-> Individual power consumption by country on Wikipedia

    Using the Kardachev scale with Carl Sagan’s decimal refinement, the above power consumption puts us at:

    K = 1 + 0.1 * log10 [115.2 * 10^6 W * 10^10 / 10^16 W ] = 1.206.

    Today, we are at about K = 0.71.

    PS: If we use the energy on the level of the present-day USA (10381.2 W / person), the energy resource would last for:

    t_EnergyUSA = Etotal / (10^10 * 10381.2 J/s) = ~ 11 million years

    This more moderate consumption rate would of course be wiser, as burning it all up over 1000 yrs would cause the planet to overheat quickly. Naturally, this problem would not arise if a lot of power is not used on earth itself but for spacecraft propulsion.

    #10674
    Avatarzapkitty
    Member

    Well, we can’t use it all up for ourselves. We’ll have to hold back enough to be able to move the Earth to a more comfortable distance when the Sun starts misbehaving.

    Of course for current purposes being able to allocate a a couple of megawatts per person will do for the day-to-day basics for the forseeable future.

    #10675

    I think it might be easier to construct some generation spacecraft in order to migrate to some habitable exoplanet instead of moving the entire earth.

    In fact, I’m sure people will do this long before the sun burns out. Fusion propulsion for large interstellar rockets might be available as early as mid-22nd century. In a few millenia, a lot of exoplanets may have been colonized.

    #10987

    This thread along with many others discuss the potential of fusion. It is worth researching but I agree it cannot be counted on at this time to produce energy. There are several areas that require substantial engineering development. LPP is addressing a physics question about fusion energy. Issues with power supply lifetime, capacitor lifetime, electrode lifetime, “unexpected outcomes” and cost demonstration need to be completed. The back of the envelope calculations completed to will not convince a serious power distributor to buy this technology. The real concern is regulations governing the technology. My guess would be a fight between the Nuclear Regulatory Commission and the EPA would take place. You have intense brems radiation from the pinch and electrodes so that has to be dealt with and regulated. Therefore worker safety and training has to be implemented. These are all problems with solutions, but time and money are required. The few million invested in LPP and other technologies is only scratching the surface of what is needed. Building a 3 GW themal power (1GW electrical) plant is nearly a $1B endeavor. I assure you that even if an FoFu system costs only 10% of that to get 1 GW electrical, engineers and regulators will not be satisfied until long term demos are completed under highly controlled circumstances.

    The simple answer is you cannot talk about the impact of fusion on the world energy problem in text books until you have demonstrated fusion gain. No one has done that yet. I like the optimism that permeates this site but it is important not to become zealous. Ask the cold fusion folks how well that worked out.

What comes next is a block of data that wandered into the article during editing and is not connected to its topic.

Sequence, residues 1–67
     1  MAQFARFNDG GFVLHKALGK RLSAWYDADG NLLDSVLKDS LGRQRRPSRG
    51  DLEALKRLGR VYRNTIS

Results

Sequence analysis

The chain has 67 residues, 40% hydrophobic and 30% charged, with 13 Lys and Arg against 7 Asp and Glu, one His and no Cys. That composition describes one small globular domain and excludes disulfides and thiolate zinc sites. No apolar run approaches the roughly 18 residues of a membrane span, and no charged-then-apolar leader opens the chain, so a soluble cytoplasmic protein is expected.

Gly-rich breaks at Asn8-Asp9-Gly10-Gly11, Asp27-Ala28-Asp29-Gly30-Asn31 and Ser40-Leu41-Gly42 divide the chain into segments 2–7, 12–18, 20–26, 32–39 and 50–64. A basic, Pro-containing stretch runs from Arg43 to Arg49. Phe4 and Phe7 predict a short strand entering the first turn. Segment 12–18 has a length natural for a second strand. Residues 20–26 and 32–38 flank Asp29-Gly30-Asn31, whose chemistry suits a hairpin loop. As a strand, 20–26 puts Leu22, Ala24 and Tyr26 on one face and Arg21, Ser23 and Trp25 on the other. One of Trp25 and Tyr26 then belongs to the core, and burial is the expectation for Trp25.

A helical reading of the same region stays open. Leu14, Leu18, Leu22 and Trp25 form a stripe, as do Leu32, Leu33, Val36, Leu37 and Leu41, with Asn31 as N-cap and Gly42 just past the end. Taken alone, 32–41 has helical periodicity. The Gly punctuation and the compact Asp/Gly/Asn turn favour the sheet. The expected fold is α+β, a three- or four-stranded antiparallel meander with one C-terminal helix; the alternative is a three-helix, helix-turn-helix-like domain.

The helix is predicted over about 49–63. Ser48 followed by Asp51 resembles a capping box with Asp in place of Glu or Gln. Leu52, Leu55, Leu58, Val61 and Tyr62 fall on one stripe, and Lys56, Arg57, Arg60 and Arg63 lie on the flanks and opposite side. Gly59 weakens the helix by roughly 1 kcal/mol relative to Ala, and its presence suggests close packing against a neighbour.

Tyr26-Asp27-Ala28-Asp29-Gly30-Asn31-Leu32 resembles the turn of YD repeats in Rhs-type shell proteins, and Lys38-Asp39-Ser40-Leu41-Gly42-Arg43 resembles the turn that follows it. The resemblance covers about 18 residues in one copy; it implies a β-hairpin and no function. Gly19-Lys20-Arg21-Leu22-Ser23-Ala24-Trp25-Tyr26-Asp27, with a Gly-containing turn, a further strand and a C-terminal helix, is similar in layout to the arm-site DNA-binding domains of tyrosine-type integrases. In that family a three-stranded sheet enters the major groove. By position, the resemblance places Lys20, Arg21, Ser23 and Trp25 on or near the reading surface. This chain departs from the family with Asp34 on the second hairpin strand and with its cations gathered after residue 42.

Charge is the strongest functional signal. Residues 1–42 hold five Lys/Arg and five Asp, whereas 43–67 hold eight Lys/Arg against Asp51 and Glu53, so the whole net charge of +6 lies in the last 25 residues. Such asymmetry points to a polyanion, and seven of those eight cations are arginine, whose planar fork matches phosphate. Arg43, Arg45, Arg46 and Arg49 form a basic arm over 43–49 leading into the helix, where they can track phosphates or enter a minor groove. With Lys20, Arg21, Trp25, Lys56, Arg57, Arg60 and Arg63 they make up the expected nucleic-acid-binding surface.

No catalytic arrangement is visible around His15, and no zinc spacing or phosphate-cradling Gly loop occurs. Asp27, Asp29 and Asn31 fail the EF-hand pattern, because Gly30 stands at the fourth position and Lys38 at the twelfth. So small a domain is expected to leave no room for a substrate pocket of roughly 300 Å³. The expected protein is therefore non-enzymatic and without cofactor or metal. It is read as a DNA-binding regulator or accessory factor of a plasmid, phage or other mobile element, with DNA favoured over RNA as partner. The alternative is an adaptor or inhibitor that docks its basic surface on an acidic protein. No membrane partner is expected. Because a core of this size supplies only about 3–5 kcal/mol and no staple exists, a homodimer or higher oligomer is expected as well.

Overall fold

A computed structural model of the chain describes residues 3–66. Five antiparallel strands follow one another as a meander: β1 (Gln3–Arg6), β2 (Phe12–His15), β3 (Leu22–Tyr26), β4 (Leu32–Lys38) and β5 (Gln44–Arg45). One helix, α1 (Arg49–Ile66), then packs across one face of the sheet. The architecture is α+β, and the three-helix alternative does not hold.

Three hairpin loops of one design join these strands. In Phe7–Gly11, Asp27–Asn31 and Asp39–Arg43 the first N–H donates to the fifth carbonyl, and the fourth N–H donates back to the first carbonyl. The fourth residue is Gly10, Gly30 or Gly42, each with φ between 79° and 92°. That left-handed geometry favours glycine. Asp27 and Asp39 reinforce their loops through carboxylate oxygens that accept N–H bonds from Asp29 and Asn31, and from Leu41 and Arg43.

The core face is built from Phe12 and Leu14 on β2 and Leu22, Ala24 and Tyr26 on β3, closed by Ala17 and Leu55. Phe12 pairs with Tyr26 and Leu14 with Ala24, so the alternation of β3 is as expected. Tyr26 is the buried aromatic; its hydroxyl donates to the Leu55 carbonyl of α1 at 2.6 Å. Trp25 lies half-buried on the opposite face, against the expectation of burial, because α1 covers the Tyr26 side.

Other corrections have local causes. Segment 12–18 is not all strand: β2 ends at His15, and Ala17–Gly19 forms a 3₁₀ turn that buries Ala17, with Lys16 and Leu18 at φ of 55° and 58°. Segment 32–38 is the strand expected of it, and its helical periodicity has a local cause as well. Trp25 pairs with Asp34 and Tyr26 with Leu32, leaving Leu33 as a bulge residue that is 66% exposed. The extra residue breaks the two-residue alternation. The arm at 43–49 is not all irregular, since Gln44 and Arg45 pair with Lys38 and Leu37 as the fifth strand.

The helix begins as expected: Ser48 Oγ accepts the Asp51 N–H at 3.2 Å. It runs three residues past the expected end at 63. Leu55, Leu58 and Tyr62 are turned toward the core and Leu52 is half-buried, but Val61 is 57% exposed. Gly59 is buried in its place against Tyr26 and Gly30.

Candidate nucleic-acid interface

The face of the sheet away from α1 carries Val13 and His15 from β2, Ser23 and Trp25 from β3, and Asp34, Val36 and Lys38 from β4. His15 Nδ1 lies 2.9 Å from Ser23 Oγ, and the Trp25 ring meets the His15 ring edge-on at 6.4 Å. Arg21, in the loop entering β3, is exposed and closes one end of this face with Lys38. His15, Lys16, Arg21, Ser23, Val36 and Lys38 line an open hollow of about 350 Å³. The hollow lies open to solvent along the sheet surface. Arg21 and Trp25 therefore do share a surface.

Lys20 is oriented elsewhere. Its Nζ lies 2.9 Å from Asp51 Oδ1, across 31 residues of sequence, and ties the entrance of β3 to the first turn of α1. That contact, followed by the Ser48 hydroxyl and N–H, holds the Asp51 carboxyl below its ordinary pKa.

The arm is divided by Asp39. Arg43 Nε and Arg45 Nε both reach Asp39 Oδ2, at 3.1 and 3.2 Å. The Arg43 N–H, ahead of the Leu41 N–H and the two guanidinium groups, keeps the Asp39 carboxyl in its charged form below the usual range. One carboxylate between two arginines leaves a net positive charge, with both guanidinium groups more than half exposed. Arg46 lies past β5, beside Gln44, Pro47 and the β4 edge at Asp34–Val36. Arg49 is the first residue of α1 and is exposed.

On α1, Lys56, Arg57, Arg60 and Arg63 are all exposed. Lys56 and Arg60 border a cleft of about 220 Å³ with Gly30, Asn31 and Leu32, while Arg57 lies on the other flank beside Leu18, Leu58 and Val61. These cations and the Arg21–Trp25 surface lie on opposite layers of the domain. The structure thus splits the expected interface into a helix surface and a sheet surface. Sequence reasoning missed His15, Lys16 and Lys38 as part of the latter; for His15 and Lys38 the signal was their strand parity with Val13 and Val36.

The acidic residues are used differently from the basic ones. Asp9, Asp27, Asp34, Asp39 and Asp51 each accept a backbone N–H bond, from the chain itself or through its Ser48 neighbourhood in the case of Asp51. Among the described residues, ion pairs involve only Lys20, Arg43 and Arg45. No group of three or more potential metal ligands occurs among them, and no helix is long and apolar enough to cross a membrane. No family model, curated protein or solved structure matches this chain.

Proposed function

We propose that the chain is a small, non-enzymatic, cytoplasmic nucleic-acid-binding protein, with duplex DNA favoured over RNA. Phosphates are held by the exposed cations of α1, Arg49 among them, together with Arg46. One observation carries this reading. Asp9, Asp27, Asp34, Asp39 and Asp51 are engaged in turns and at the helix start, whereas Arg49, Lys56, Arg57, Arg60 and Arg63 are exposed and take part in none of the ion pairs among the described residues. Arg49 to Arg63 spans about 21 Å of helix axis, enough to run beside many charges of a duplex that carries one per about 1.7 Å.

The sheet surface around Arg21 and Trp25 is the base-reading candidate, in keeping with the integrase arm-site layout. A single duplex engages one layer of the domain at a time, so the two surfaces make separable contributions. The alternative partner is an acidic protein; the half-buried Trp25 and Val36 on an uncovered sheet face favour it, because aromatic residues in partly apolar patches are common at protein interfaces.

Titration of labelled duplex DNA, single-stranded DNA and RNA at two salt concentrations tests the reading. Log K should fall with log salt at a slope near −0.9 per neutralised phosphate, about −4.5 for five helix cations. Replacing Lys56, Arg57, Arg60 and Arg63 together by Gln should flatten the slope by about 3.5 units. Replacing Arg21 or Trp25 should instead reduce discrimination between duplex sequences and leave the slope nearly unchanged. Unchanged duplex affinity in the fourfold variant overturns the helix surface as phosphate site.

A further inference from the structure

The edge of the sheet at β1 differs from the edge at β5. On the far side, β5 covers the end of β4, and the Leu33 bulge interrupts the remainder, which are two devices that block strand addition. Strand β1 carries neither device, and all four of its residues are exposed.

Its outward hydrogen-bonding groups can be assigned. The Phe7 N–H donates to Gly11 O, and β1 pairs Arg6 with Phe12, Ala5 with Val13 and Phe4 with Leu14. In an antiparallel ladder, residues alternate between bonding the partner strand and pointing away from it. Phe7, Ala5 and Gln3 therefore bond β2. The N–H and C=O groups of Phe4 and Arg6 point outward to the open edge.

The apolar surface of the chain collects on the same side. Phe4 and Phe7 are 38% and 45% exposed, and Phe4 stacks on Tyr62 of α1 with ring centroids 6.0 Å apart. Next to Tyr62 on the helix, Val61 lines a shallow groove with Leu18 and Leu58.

#10988
    Avatarzapkitty
    Member

    Just a note: you seem to be churning over a variety of things that Lerner-hakase and company have already addressed either in their papers or on the forum… a sort of “best of” list of skeptic talking points.

    Nothing wrong with questions, of course, but you shouldn’t be surprised to learn that they’ve already been discussed and either do not seem to apply or are not show-stoppers.

    As for your view on what should and shouldn’t be discussed at this time… insofar as Focus Fusion is concerned it would be quite irresponsible not to speculate 🙂

    #10989

    zapkitty wrote: Just a note: you seem to be churning over a variety of things that Lerner-hakase and company have already addressed either in their papers or on the forum… a sort of “best of” list of skeptic talking points.

    That is my point. Lerner-Hakase have gone over them in paper. I have no problem with speculation and research. Optimism should be the norm for those working on any new technology. Great potential is the reason to take on new things. However, many research papers are not going to convince regulators. To a regulator, FoFu-1 is a new “thing” that they don’t understand. If they don’t understand something, they don’t let it operate. I’ve been there with them and it’s make you want to pull out your hair. I agree that no issue I mentioned is insurmountable, but it takes time, money and most importantly, data. Data on fusion systems with gain is in short supply at the moment.

    #10990
    Avatarzapkitty
    Member

    asymmertic_implosion wrote: That is my point. Lerner-Hakase have gone over them in paper. I have no problem with speculation and research. Optimism should be the norm for those working on any new technology. Great potential is the reason to take on new things. However, many research papers are not going to convince regulators.

    Regulators already have defined regulations for all aspects that an FF unit would entail.The simple fact that no radioactive fuels are involved and the compete absence of radioactive waste greatly simplifies life for all concerned.